The substitution of the "Gallican" for the "Roman" version of the Psalter) the Breviary hitherto used exclusively by the Roman court, and with it gradually swept out of Europe all the earlier partial books (Legendaries, Responsories), &c., and to some extent the local Breviaries, like that of Sarum.
This is the very backbone of the Breviary, the groundwork of the Catholic prayer-book; out of it have grown the antiphons, responsories and versicles.
The Proprium de Tempore contains the office of the seasons of the Christian year (Advent to Trinity), a conception that only gradually grew up. There is here given the whole service for every Sunday and week-day, the proper antiphons, responsories, hymns, and especially the course of daily Scripture-reading, averaging about twenty verses a day, and (roughly) arranged thus: for Advent, Isaiah; Epiphany to Septuagesima, Pauline Epistles; Lent, patristic homilies (Genesis on Sundays); Passion-tide, Jeremiah; Easter to Whitsun, Acts, Catholic epistles and Apocalypse; Whitsun to August, Samuel and Kings; August to Advent, Wisdom books, Maccabees, Prophets.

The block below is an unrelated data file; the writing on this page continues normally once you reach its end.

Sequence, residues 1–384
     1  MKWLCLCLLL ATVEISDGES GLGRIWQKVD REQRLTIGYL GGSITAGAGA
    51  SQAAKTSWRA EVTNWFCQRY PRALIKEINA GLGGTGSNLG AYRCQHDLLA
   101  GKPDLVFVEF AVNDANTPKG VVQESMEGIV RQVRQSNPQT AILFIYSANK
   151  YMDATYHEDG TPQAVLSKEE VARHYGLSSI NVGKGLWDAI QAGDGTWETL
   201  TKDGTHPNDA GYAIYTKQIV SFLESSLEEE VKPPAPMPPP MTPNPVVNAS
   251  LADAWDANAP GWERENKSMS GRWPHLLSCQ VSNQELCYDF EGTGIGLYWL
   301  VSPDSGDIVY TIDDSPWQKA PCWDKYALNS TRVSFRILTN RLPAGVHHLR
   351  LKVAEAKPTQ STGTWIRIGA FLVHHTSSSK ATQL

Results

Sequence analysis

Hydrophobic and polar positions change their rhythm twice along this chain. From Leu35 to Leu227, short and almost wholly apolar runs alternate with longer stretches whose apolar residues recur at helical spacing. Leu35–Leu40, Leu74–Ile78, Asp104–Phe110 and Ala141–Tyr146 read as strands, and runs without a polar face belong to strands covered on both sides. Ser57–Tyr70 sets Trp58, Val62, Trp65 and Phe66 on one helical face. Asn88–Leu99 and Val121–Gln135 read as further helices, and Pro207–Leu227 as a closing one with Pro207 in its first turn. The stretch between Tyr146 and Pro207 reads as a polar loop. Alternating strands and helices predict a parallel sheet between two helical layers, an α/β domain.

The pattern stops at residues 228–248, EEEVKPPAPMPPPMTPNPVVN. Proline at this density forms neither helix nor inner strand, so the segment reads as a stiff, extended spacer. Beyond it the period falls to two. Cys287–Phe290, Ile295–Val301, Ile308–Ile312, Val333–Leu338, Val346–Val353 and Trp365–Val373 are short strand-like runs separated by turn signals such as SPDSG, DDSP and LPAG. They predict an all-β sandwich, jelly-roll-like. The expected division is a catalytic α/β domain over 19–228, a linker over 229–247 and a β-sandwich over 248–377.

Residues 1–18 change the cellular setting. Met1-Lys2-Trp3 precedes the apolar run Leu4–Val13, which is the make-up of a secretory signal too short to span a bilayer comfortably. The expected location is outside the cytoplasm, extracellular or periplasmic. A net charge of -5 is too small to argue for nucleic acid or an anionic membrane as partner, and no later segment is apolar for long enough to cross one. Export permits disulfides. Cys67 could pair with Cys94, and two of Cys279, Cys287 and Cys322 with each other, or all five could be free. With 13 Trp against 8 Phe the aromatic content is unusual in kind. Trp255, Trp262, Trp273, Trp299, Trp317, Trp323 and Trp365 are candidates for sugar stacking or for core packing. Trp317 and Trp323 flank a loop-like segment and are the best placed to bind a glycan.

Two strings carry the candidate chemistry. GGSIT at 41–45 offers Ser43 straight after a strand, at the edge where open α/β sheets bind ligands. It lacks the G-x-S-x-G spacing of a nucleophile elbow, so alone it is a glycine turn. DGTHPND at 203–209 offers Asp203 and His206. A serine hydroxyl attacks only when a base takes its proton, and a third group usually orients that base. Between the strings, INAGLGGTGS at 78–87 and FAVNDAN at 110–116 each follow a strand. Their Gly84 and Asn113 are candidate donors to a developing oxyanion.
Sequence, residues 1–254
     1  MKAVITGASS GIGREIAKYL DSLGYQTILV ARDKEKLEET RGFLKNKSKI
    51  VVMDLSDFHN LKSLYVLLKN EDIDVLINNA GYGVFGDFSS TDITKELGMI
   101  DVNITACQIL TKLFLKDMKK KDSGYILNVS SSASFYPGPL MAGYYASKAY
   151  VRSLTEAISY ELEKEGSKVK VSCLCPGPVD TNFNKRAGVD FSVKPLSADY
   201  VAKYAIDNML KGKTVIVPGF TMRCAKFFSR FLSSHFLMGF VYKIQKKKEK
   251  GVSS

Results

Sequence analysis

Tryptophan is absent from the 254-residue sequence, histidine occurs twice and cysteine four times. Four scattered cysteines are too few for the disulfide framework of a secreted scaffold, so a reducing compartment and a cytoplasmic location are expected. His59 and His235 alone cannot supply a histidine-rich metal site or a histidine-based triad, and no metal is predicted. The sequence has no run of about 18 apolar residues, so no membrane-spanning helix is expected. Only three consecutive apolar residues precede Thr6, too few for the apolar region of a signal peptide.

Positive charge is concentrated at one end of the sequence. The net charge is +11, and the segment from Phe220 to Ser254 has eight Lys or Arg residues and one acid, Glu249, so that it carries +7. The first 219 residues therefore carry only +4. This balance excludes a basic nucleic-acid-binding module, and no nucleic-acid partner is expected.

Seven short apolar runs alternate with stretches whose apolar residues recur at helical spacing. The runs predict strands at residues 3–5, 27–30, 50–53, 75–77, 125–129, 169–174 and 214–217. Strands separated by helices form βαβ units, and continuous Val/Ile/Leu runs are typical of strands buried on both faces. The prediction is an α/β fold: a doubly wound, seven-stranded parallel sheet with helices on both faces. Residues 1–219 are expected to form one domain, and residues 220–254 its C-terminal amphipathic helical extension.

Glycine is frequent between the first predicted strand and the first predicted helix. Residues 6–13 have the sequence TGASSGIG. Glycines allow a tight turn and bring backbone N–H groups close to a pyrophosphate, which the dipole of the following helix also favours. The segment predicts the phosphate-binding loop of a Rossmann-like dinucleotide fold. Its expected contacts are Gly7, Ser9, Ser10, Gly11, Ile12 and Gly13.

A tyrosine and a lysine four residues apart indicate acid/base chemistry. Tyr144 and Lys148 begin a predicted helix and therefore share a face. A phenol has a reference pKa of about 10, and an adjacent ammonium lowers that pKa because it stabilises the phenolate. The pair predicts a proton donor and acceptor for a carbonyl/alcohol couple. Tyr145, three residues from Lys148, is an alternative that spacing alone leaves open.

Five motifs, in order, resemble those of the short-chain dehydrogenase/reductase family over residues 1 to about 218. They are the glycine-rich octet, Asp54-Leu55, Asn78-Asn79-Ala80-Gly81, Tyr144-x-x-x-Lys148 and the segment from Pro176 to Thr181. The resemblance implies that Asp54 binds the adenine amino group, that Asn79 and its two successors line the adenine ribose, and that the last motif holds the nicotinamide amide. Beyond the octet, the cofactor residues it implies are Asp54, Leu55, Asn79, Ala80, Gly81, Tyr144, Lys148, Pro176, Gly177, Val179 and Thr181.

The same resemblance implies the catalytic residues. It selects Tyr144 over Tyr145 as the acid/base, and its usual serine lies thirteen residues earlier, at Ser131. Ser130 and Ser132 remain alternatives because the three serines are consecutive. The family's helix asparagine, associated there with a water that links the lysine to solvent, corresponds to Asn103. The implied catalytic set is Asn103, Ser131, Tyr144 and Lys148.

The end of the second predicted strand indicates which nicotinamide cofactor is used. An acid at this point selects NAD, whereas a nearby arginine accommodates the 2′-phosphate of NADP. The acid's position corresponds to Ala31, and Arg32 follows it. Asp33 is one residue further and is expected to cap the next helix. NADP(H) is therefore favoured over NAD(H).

They are: psalms (including canticles), antiphons, responsories, hymns, lessons, little chapters, versicles and collects.
The responsories are similar in form to the antiphons, but come at the end of the psalm, being originally the reply of the choir or congregation to the precentor who recited the psalm.
The versicles are short responsories used after the little chapters.